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    A phone rings; suddenly, a man lies dead

    After a fatal crash, officials say cell phones aren't the only dangerous distraction for drivers.


    © St. Petersburg Times, published April 26, 2001

    After a long day, Paul Martin was looking forward to visiting his girlfriend at her Tampa apartment.

    As he drove across the Howard Frankland Bridge about 10:30 p.m. Tuesday, his cell phone rang.

    Martin briefly leaned over to grab the phone off the floorboard.

    As he did, his Ford Explorer swerved into the emergency lane, striking a man who was changing a tire on his car.

    "When I got out of the car, I saw him lying on the side of the road," Martin, 26, said Wednesday at his Clearwater home. "I tried to give him CPR, but the blood was coming from his mouth."

    Richard J. McKeefery, 23, died at the scene.

    "I'm so sorry about his family," said Martin, his eyes red and swollen from sobbing.

    This is but the latest example of what can go wrong when motorists drive and talk on cellular phones.

    This year, 38 states have bills pending related to the use of cell phones while driving. So far no states have actually passed laws, but cities in New Jersey, New York, Ohio and Pennsylvania have banned cell phone use while driving, according to the National Conference of State Legislatures.

    Each day, between 4,000 and 8,000 crashes are caused by distracted drivers nationwide, according to the National Highway Traffic Safety Administration.

    Tuning a radio, eating or interacting with passengers are all considered distracted driving, and over a year account for as many as half of the 6-million crashes reported.

    "The real focus needs to be on looking at everything that is a distraction," said Cindy Sharpe, spokeswoman for AAA Auto Club South in Tampa. "There are a lot more cars on the road today, and driving takes all of our attention."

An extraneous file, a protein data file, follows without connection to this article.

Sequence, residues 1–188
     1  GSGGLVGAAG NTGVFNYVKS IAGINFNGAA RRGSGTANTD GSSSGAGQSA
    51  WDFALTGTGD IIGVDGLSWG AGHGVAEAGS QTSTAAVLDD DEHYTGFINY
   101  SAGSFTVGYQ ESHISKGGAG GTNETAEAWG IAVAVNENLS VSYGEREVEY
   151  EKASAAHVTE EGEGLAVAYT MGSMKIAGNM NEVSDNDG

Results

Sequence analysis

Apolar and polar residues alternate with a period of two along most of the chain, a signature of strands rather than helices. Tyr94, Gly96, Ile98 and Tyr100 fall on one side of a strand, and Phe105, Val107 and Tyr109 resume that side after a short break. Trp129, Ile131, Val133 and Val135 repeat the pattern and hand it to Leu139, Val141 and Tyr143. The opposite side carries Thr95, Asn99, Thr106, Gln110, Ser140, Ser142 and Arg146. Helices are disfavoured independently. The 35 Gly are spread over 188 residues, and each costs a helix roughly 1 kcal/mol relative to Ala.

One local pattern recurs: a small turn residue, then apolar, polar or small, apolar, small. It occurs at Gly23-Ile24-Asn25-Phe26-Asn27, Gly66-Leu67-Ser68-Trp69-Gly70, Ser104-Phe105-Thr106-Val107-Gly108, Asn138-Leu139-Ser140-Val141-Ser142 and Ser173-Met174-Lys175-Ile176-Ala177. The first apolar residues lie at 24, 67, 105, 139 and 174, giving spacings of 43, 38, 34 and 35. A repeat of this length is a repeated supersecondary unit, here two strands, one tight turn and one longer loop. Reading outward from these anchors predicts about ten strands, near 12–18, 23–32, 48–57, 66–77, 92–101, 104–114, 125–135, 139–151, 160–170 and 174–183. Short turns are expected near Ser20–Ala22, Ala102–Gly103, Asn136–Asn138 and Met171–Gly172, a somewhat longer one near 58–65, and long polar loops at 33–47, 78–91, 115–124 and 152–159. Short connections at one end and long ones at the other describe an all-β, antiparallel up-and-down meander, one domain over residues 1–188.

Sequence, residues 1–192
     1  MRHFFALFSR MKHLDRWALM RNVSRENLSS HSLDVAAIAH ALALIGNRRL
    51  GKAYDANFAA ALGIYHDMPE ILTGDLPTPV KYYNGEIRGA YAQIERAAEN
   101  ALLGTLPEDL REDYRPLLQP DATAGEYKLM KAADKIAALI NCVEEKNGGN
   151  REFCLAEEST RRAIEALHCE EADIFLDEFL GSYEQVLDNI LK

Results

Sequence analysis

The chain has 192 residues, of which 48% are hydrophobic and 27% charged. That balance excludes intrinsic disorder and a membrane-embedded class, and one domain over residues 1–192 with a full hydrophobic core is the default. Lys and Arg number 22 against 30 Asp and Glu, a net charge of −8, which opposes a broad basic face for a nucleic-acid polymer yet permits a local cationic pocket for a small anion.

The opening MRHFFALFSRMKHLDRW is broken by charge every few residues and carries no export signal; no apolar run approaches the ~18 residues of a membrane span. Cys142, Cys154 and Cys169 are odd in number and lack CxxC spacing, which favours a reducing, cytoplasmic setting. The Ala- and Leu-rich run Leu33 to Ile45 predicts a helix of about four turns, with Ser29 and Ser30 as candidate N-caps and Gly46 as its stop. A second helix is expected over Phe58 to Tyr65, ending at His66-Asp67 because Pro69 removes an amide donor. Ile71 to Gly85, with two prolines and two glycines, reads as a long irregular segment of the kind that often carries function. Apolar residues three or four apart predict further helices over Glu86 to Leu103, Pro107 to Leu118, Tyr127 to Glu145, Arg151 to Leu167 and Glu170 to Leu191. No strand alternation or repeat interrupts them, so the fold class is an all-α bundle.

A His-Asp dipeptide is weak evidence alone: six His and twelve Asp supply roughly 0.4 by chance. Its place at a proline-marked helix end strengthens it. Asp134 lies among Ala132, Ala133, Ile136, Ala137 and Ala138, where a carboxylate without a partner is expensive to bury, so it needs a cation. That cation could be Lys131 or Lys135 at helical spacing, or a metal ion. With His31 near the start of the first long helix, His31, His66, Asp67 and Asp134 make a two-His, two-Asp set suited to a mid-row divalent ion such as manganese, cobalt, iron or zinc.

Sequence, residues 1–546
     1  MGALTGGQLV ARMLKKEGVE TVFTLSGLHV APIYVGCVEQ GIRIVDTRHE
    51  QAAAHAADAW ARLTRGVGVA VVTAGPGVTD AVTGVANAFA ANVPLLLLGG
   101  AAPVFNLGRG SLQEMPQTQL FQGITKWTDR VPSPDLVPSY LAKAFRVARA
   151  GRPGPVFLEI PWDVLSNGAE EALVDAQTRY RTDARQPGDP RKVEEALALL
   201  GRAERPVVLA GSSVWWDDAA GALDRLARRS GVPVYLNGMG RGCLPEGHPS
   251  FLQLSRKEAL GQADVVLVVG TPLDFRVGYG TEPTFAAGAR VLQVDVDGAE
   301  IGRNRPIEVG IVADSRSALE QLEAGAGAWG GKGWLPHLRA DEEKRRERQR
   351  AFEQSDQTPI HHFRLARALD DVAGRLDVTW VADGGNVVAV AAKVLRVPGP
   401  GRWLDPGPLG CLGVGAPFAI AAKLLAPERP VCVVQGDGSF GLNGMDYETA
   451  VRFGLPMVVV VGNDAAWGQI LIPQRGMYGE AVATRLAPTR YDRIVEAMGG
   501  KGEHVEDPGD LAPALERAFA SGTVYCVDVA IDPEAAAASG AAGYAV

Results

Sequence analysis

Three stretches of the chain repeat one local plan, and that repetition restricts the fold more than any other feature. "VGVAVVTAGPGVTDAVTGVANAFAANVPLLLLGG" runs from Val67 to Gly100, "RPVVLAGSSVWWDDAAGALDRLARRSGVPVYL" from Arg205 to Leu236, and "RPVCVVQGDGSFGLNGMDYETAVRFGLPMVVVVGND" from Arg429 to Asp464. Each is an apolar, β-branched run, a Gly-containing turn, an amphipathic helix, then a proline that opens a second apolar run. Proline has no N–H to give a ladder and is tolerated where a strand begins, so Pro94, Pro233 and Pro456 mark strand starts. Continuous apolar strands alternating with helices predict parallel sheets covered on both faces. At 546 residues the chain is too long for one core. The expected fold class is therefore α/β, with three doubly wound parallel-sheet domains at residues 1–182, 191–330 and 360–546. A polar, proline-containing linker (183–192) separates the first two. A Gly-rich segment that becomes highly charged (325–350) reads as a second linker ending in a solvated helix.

That is something Martin now understands.

    "I'll never talk on my phone again while I'm driving," said Martin, a carpenter. "I don't even know how to describe how I'm feeling."

    No charges have been filed in the accident, but the investigation is continuing, Florida Highway Patrol officials said.

    On Wednesday afternoon, the Temple Terrace house near the Hillsborough River where McKeefery lived with three friends was packed with red-eyed young people who hugged each other, cried and shook their heads.

    His roommates, Josh Persbacker, Chris Gugliotta and Justin Ansley, shared a love of movies, cars and football. McKeefery, who was a waiter at Applebee's where his roommates also worked, was a die-hard Denver Broncos fan who quoted from the movie Top Gun constantly, his friends said.

    Everyone was in pain Wednesday, they said, but perhaps no one more than Michael Charles Bobkins, who was a passenger in McKeefery's car and saw his friend die.

    "Mike said he turned his head for one second, and the guy just plowed into him," said Persbacker, 20. "The other guy stopped and tried to help, but . . ."

    Martin also had difficulty keeping emotions in check at his condominium Wednesday as he tried to explain what happened.

    "I felt horrible," he said. "I remember running along the side of the road and seeing him lying there -- I didn't know what to do."

    He said he never answered his Motorola StarTAC flip phone and doesn't know who called him.

    Then Martin excused himself and went to the bathroom, where he became ill.

    "The real issue here is both driver distraction and the importance of realizing that when you break down, how dangerous it can be standing next to the road like that," said Florida Highway Patrol Lt. Harold Frear.

    Although part of McKeefery's Mitsubishi Eclipse was off the roadway, Frear said McKeefery should have moved it farther onto the grass.

    Gugliotta and Persbacker, meanwhile, say they have conflicting emotions about Martin's role in the accident.

    "Everyone's done it, reached for the cell phone, not paid attention to the road," Persbacker said. "But you've got to be careful."

    "If I was there last night, I don't know whether I would have tried to give Rick CPR or tried to kill the other guy," said Gugliotta, 22. "But it was an accident. If he'd been drinking or high, it would be different. But he was sober and just distracted.

    "God wanted to take him now. That's all it was."

    - Times staff writer Amy Herdy and researcher Kitty Bennett contributed to this report.

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